BLVR: In the introduction to your book of poetry, Said the Shotgun to the Head (2003), you write that it was inspired by a kiss – “not just lustful petting but transcendental metamorphosis.” In the acknowledgements, you write that Allen Ginsberg kissed you and taught you the power of chanting Om three weeks before he died.
SW: Talk about presence.
I met him one night. I met him one night, at a poetry reading at NYU and I spent the evening backstage with him. That’s always a cool way to meet people actually.
BLVR: Said the pot to the kettle.
SW: [laughs] Yeah, I’ve been able to have some really nice conversations with some wonderful people in this sort of environment. And this is how I met Ginsberg.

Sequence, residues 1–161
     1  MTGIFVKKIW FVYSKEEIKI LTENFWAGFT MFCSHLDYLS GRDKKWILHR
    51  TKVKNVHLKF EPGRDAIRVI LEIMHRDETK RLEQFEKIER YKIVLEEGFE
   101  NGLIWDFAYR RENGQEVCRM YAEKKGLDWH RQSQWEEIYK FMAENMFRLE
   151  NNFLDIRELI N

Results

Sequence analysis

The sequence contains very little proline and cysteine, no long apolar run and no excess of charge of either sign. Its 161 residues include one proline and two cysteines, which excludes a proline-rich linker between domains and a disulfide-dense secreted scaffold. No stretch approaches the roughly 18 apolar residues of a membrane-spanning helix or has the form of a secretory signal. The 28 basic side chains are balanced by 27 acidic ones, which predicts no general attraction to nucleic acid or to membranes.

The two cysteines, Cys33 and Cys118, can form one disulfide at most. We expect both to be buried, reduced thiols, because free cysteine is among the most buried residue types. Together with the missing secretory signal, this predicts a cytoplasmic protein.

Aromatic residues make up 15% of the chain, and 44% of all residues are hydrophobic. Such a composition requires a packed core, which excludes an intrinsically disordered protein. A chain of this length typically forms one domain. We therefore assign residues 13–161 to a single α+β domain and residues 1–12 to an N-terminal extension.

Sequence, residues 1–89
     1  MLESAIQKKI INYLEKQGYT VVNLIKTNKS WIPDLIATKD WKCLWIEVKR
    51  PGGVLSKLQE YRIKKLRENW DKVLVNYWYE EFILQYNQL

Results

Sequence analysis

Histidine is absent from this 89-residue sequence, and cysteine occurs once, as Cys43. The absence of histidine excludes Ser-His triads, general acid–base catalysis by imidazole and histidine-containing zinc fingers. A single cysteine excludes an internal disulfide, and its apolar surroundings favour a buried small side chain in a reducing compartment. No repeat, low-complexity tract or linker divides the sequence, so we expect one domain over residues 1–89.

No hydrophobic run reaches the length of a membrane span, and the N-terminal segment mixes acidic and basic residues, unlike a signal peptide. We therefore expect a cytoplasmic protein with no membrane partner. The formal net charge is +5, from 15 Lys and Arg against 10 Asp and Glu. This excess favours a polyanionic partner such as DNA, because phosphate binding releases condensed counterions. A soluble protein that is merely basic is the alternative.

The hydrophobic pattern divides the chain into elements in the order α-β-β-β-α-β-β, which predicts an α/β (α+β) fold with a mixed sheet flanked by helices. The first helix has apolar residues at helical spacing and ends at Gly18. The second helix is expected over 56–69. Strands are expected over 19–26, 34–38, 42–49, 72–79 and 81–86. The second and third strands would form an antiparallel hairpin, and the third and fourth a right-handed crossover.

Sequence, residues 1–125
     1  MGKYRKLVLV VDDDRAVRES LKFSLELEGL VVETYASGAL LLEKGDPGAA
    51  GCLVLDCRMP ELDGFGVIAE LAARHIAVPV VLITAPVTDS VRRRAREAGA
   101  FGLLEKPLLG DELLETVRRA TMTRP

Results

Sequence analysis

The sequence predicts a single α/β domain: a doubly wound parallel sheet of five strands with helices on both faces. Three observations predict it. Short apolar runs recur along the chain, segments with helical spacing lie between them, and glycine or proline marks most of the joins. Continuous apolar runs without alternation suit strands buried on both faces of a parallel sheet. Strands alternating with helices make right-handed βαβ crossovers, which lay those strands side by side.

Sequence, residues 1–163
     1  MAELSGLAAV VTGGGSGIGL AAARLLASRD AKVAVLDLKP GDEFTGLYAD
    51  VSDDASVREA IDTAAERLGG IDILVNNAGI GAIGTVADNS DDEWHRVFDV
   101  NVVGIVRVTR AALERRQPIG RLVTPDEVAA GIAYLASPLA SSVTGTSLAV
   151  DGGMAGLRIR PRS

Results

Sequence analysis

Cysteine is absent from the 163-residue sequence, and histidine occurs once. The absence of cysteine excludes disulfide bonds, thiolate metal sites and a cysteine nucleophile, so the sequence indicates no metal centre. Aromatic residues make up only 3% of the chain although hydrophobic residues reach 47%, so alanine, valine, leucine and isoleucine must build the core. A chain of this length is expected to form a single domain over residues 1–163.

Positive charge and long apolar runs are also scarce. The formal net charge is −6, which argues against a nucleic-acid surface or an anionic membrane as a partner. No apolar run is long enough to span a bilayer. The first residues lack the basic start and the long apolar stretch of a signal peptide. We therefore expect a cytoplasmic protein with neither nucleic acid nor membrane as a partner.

That night with Ginsberg was beautiful really because it was so early for me. I entered this poetry thing very naively. I really didn’t know what I was doing. I was just going where I was asked to go and sharing these things in my journal. I had been reciting and getting offered these business deals and I was earning my living out of the blue by journal entries that I considered as fun and simple as a Sunday crossword puzzle. It was just for having fun. I was always baffled. Even when I got paid to a do a play, I was baffled by the fact that they would pay me. Don’t you know I would do this anyway? I love this. By ‘96 it became clear that, Okay, there’s a world here in this poetry thing. I think I discovered who Ginsberg was in ‘95, like beyond a name that I thought I had heard somewhere before.